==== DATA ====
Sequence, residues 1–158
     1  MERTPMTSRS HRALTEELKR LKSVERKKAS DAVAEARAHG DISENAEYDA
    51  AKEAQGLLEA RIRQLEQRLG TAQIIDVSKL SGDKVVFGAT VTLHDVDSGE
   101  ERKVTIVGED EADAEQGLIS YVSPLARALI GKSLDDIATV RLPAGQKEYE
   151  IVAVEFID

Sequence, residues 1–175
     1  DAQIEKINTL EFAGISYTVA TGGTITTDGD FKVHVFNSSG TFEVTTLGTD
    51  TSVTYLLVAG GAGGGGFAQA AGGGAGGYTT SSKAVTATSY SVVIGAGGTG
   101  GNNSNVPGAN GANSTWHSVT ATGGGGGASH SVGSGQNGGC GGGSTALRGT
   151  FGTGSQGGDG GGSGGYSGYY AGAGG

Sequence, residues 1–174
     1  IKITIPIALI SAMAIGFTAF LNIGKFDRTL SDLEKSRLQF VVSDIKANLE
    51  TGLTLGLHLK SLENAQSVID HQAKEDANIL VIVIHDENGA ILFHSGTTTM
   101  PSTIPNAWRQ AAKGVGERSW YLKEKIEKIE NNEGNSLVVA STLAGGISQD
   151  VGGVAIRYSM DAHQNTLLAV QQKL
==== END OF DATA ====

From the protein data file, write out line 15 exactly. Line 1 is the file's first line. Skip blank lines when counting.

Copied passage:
   151  VGGVAIRYSM DAHQNTLLAV QQKL